After over a year of US-abetted Saudi brutality in Yemen, the Obama administration has finally decided to do the literal least it could do:
Frustrated by a growing death toll, the White House has quietly placed a hold on the transfer of cluster bombs to Saudi Arabia as the Sunni ally continues its bloody war on Shiite rebels in Yemen, U.S. officials tell Foreign Policy. It’s the first concrete step the United States has taken to demonstrate its unease with the Saudi bombing campaign that human rights activists say has killed and injured hundreds of Yemeni civilians, many of them children.
The move follows rising criticism by U.S. lawmakers of America’s support for the oil-rich monarchy in the year-long conflict. Washington has sold weapons and provided training, targeting information, and aerial refueling support to the Saudi-led coalition fighting in Yemen. It has also sold Riyadh millions of dollars’ worth of cluster bombs in recent years.
Asked about the hold on the shipments, a senior U.S. official cited reports that the Saudi-led coalition used cluster bombs “in areas in which civilians are alleged to have been present or in the vicinity.”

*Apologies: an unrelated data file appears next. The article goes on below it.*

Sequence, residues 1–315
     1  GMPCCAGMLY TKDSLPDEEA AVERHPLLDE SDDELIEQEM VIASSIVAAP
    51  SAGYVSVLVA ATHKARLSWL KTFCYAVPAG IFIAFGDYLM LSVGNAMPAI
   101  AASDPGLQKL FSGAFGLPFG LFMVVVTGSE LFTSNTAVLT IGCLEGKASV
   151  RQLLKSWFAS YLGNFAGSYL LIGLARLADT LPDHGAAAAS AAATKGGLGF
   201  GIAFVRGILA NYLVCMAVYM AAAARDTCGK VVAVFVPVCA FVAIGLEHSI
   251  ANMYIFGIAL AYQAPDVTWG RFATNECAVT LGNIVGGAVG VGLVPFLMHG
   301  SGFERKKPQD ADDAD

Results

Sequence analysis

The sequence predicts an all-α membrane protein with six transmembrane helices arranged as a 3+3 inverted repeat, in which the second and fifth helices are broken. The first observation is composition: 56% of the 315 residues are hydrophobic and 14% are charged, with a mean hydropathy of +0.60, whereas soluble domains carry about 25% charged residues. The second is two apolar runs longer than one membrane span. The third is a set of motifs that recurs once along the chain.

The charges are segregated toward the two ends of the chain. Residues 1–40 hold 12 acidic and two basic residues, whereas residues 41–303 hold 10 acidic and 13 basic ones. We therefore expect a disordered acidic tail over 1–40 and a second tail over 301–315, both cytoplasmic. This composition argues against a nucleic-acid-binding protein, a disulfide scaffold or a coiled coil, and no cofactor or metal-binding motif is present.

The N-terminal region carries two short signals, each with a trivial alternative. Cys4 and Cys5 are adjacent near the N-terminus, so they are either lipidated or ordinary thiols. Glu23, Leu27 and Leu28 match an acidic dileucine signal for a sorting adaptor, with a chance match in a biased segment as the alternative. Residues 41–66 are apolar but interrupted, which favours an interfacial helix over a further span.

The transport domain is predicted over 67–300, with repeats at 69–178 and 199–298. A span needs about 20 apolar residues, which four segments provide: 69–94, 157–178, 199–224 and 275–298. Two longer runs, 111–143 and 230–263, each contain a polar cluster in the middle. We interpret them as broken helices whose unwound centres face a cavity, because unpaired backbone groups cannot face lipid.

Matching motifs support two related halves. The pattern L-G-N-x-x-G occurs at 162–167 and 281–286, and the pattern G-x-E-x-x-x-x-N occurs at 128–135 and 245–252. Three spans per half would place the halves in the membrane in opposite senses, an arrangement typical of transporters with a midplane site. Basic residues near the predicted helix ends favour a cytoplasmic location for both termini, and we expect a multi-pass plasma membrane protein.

Cluster bombs are some of the world’s absolute worst weapons: indiscriminate, highly lethal to civilians, and dangerous even years after the conflict ends, a la landmines. Their use in Yemen has been alleged for months to have been indiscriminate enough to qualify as a war crime. And while this ban on their sale to the Saudis may save some lives, the fact is that Washington doesn’t seem prepared to stop sending plenty of other lethal arms, along with targeting information and aircraft parts, to the Saudis to enable them to keep killing plenty of Yemenis.
On a positive note, peace talks between the Houthi-Saleh rebels and the government-Saudi coalition, which looked stalemated a couple of weeks ago, are now back on track according to the UN Envoy for Yemen, Ismail Ould Cheikh Ahmed. The goal is to reach a deal on a prisoner swap before Ramadan begins (on June 5 or thereabouts), and then build on that success moving forward. Fingers crossed.